Whether you are thinking about taking a solo journey or have several under your belt, there is much to be learned from pioneering women solo travellers who started out at a time when women venturing off on their own was uncommon.
In April, JourneyWomen Marti S., Marillee C. and Brenda M. joined me on Zoom and Facebook Live for a panel discussion offering inspiration and practical advice to women across the globe. Whether you were there or missed it, we wanted to package up the stories and wisdom into this “Best Of” article that you can use before you plan your next adventure.
Their first solo journeys
Marillee C. – California, US
Marillee took her first solo journey at age 35 to celebrate her independence following a divorce. In the summer of 1984, she backpacked across Europe with a Europass in hand. Her 10-country trip kicked off in England, and along the way, she gained courage, empowerment, many friends and saw spectacular scenery. “It was a pretty incredible experience. This was the start. Then since I retired 10 years ago, I’ve gone on several different solo journeys and I am very fortunate to have gone around the world a couple of times. I have probably been to about 120 different countries,” she says.
Marti S. – Illinois, US
Marti was a junior in college when she took her first solo journey in 1967, travelling by bus from Kent, Ohio to Mexico city for a semester at university. “I have a very vivid memory of being at the bus terminal in Memphis where I was transferring buses to go down to Texas,” she says. “This would have been in 1967, so it was several years after the Civil Rights Act passed and they still had separate black and white washrooms and drinking fountains. In my head, I knew that those things had existed, but this made it very real to me that we had a problem in this country.”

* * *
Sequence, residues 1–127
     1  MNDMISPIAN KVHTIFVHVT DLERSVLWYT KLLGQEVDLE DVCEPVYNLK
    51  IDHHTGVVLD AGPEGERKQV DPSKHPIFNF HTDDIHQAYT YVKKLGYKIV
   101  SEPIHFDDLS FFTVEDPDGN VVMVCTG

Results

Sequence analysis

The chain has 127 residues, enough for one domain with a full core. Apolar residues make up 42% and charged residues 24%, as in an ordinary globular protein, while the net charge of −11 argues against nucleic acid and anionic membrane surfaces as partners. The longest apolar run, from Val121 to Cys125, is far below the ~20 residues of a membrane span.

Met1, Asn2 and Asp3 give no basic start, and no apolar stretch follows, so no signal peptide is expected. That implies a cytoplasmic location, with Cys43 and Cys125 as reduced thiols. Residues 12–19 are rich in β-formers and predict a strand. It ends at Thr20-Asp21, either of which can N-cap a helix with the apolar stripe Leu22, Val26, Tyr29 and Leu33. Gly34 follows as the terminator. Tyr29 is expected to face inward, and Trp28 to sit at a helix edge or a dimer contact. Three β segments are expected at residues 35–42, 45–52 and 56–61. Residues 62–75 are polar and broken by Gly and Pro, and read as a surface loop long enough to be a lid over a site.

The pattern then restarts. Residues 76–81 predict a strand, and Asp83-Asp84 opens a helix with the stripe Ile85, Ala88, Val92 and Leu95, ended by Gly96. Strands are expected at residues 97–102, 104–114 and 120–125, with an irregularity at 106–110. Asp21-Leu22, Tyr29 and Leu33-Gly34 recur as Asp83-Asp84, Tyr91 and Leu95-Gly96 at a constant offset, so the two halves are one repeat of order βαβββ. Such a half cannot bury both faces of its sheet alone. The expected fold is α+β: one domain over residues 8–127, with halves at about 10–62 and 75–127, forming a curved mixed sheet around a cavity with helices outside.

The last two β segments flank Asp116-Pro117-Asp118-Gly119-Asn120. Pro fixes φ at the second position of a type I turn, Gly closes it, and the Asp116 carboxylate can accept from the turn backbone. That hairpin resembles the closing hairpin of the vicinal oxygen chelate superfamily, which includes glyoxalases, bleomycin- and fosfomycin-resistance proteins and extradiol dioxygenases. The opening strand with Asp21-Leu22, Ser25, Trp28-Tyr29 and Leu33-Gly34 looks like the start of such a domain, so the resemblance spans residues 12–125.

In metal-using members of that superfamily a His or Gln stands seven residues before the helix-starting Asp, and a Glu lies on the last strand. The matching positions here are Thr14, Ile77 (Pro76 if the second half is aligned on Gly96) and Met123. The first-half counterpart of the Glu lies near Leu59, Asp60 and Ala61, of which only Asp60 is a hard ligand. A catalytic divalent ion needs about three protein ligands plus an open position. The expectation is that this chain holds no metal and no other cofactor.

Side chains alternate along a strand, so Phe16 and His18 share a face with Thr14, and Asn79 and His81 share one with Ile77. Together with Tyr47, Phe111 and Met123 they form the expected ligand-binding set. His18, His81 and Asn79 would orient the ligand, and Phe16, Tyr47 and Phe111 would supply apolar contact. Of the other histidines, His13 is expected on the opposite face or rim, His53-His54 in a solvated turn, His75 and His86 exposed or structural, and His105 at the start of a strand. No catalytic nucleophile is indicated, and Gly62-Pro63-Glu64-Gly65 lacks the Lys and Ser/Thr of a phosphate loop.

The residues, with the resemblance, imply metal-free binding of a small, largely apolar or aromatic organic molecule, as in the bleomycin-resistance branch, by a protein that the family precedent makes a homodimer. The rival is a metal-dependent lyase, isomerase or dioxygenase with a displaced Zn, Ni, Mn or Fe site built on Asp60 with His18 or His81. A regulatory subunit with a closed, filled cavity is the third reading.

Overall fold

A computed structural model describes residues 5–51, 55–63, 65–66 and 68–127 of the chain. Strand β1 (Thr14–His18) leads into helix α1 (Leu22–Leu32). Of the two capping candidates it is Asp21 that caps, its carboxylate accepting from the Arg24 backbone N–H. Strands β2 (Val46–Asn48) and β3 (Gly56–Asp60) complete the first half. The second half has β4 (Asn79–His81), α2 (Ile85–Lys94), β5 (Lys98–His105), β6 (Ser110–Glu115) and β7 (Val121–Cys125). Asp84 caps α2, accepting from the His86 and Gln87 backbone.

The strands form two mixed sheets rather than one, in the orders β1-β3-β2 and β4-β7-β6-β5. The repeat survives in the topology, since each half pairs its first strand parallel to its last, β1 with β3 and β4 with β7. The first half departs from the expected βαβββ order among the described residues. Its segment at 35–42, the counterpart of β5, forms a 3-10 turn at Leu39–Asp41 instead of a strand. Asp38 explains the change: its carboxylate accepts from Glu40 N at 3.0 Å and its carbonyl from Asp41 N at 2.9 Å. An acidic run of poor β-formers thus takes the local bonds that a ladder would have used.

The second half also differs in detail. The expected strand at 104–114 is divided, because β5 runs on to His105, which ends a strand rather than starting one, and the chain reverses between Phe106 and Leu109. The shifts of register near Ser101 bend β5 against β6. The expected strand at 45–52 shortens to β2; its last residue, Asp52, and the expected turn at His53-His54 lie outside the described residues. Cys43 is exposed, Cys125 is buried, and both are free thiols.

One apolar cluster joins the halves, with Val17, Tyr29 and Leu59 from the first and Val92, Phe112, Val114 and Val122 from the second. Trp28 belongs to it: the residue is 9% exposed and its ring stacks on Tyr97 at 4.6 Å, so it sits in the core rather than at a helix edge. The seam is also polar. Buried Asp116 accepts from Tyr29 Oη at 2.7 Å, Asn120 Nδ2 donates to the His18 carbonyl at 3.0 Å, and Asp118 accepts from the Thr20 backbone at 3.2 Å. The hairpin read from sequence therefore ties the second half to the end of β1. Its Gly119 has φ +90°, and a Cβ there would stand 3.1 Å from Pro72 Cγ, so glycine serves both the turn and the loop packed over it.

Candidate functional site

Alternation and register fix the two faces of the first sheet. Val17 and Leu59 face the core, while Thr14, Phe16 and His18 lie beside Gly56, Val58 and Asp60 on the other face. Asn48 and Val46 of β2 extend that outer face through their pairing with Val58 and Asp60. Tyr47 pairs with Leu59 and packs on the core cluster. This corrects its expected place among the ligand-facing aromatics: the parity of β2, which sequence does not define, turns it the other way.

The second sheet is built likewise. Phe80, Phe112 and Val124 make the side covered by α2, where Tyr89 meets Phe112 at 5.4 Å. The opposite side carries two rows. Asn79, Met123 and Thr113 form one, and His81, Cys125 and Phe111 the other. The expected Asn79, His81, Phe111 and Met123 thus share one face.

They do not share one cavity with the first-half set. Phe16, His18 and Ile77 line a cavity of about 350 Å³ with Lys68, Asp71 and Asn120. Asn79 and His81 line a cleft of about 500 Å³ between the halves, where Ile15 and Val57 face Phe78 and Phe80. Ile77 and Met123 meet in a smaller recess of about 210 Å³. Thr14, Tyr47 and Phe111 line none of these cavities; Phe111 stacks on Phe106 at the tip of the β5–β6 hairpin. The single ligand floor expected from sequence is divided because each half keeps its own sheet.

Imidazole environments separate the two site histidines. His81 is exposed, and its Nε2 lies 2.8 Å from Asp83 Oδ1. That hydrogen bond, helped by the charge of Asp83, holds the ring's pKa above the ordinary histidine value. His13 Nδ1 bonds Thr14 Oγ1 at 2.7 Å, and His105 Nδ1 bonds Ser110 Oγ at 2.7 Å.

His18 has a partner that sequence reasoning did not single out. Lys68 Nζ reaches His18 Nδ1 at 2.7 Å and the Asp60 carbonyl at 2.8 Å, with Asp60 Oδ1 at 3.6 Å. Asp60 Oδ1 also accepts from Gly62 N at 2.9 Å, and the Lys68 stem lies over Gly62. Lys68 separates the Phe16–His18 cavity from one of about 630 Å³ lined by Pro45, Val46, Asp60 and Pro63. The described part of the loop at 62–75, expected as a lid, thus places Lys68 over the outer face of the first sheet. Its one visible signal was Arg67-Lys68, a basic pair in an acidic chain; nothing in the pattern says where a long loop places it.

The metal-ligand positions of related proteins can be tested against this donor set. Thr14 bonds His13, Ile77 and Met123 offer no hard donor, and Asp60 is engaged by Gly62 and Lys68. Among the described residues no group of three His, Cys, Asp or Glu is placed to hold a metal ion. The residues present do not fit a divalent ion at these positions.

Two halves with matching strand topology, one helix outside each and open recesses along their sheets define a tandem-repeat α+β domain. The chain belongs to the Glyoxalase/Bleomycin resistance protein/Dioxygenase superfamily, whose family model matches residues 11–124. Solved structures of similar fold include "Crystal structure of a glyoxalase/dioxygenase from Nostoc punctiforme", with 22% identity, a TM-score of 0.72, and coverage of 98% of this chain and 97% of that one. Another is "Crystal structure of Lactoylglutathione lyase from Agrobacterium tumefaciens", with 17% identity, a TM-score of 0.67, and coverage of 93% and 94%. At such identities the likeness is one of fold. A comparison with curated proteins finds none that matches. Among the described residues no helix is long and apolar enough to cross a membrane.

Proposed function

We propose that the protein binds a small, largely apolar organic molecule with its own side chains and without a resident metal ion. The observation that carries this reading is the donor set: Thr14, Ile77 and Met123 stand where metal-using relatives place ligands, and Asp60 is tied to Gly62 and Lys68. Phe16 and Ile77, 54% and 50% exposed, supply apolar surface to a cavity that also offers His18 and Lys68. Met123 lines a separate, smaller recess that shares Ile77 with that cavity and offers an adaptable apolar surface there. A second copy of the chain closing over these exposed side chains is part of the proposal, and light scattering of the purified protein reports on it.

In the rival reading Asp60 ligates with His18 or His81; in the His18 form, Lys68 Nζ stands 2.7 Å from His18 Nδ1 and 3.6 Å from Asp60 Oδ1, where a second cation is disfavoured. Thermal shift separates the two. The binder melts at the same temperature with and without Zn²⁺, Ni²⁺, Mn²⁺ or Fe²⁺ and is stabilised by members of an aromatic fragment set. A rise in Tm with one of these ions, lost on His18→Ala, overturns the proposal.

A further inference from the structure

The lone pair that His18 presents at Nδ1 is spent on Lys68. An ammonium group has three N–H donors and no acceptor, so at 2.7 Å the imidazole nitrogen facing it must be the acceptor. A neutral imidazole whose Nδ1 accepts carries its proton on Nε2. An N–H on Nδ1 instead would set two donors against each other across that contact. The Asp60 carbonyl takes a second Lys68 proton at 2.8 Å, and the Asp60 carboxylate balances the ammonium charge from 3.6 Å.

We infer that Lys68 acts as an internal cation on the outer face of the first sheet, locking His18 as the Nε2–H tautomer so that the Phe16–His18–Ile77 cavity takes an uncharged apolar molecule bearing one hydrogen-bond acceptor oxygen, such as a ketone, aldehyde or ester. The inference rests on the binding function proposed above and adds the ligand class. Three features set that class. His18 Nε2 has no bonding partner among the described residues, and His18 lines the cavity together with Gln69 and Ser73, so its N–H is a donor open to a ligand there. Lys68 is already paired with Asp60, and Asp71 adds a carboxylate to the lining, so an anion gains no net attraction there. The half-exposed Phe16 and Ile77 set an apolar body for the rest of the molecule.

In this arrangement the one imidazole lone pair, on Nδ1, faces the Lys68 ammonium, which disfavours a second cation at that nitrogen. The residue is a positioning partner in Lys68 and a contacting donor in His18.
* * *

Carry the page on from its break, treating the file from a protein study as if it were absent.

Didn’t catch our Live session with these OG Travellers? Check it out here!
What they learned about themselves and the world
“I found out that I was okay on my own that I could enjoy myself as well as others, but I didn’t have to be surrounded by people all the time. I’m curious, so I could sit back in a park and just people watch, and I love photography so I was taking a lot of pictures as well and the two of them go very well together,” she says. “I’d say that everybody needs to try a solo trip at one point or another. It is truly an amazing growing experience.”
“I learned that I could love my family without thinking the way most of them do. That you can love someone and not be them. I had one family member who doesn’t understand this kind of wanderlust (it was kind of typical of most of my family really) who said to me: ‘I don’t understand why you want to go to all those places when you can see and do the exact same stuff at Epcot,” she says. “It is really easy to be dismissive, and I had to learn that there are people who want to travel and people who don’t. And it’s okay.”
“Oaxaca was an emotional trip for me, and I knew that it was laying the foundation for the potential for when I would be in this world without my parents. I did have a mentor who was in the same city who helped me to find an apartment, but I think I only went out with them twice in the month I was there, so the rest of the 28 days I was on my own,” she says. “ I would walk around, getting food and going to the galleries and it let me know that I could do it, that it was safe for me, and that I could ask anybody for help even when I’m in a country that I don’t understand the language. It’s easy to find people that are willing to help you. That was BIG.”